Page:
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Persuasive Papers, Speeches, and Campaigns1

Laura Gorham, Ricky Telg, and Tracy Irani2

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Introduction

Persuasion is a communication technique that attempts to influence or convince others to take action or to reach a specific conclusion about an issue. Persuasion can be used in written essays, speeches or as part of media campaigns that attempt to influence an audience to change their thinking or behavior. This publication will familiarize you with the tools necessary to develop a persuasive essay, speech, or media campaign.

Preparing Your Persuasive Paper or Speech

When writing a persuasive paper or preparing for a persuasive speech, you should begin by focusing on the main issue or problem that people disagree about. Try to separate personal judgements and emotions from your argument. The most effective persuasive argument appeals to reason, not emotion.

Persuasive arguments should have a simple structure, and begin by directly stating what is good or bad, and why you think so.

One way to structure a persuasive argument in written or spoken form is to use the five-part argument, which breaks an essay or speech into 1) introduction, 2) background, 3)lines of argument, 4) refuting objections, and 5) conclusion.

Introduction

The introduction attracts the attention of the audience, sets the tone and describes what the argument will be about. The introduction usually includes the thesis statement, a sentence that explains what the main point of the argument will be.

Background

The background provides the context and details needed for a reader or listener to understand the situation being described, as well as the problem or opportunity being addressed.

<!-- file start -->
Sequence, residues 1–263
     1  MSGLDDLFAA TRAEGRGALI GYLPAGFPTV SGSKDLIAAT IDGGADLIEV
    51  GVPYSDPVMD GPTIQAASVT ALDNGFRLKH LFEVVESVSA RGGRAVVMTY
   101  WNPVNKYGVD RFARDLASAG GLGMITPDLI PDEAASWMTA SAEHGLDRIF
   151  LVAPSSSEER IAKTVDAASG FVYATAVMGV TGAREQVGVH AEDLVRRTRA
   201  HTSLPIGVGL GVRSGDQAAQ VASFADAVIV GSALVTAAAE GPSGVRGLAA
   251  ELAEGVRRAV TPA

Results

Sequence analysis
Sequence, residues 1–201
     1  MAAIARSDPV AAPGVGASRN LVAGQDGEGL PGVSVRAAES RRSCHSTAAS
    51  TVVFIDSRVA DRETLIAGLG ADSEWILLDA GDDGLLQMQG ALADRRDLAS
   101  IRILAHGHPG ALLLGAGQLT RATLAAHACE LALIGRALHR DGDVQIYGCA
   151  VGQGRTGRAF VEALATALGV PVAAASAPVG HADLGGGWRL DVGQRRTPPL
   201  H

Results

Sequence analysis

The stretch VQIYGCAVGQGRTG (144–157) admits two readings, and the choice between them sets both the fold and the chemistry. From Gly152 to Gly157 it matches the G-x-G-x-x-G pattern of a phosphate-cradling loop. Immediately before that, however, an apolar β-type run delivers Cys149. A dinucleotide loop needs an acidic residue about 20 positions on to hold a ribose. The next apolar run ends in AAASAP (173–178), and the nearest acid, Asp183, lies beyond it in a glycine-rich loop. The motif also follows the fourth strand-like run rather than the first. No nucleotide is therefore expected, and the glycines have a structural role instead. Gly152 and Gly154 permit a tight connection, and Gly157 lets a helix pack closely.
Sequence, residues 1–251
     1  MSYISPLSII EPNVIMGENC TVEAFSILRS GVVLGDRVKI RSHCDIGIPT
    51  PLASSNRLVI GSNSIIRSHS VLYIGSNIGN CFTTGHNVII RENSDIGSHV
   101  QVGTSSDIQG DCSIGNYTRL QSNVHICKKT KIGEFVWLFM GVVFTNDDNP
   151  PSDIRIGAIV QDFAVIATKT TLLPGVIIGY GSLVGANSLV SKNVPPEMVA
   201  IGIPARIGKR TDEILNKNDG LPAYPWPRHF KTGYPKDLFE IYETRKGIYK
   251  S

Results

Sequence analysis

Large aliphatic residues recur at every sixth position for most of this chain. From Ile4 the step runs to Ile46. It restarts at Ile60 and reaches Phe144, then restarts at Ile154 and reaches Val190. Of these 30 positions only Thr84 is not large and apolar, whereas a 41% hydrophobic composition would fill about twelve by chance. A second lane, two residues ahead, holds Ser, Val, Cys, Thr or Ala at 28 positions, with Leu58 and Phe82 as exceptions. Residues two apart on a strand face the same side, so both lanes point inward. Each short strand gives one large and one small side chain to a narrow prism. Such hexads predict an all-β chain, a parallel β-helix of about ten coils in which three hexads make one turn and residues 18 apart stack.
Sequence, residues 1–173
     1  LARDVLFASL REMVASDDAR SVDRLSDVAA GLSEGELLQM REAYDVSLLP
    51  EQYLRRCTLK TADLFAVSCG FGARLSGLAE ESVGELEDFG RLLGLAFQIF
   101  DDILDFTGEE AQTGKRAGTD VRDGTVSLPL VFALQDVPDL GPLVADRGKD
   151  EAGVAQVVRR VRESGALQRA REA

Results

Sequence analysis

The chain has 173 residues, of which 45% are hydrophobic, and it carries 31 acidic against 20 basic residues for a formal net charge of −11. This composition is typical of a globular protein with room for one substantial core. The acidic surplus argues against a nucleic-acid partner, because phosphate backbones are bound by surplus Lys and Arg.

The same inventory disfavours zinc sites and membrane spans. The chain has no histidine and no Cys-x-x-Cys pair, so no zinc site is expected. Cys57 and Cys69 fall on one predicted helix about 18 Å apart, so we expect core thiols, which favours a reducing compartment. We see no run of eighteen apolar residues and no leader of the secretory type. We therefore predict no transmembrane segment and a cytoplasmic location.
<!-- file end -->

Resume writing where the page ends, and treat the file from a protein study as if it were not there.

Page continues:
Lines of Argument

Lines of argument make up the body of the essay or speech. Here is where you include all the claims, reasons, and supporting evidence you have that help you make your points effectively.

Refuting Objections

Refuting objections is an often-overlooked part of an effective persuasive argument. “Refuting” means disproving, ruling out, and countering any potential objections before the readers or listeners can think of reasons not to be persuaded

Conclusion

The conclusion is where you present your closing arguments. To be effective, the conclusion should restate your thesis statement and summarize the main points of your argument. If you are advocating a particular solution to a problem or a decision to be made, you should close by asking your reader or listeners to adopt your point of view.

Informational and Educational Campaigns

A communications campaign is a strategic, structured plan consisting of a mix of media and message strategies with a consistent, unified theme. Communications campaigns analyze the client, competitors, the potential target audience, and the media mix as a prelude to developing the plan. Campaigns can promote ideas or products, or provide information and education. In this section, informational campaigns and educational campaigns will be highlighted.

An informational campaign is a special type of communications campaign in which one of your chief goals is to communicate information, using appropriate tools packaged for specifically targeted audiences and strategically framed messages, which is sometimes called a “message strategy.” An example of an informational campaign might be informing people about Extension activities or programs available in your region. The purpose of an informational campaign is just to provide information, not necessarily to change a person’s attitudes or behavior.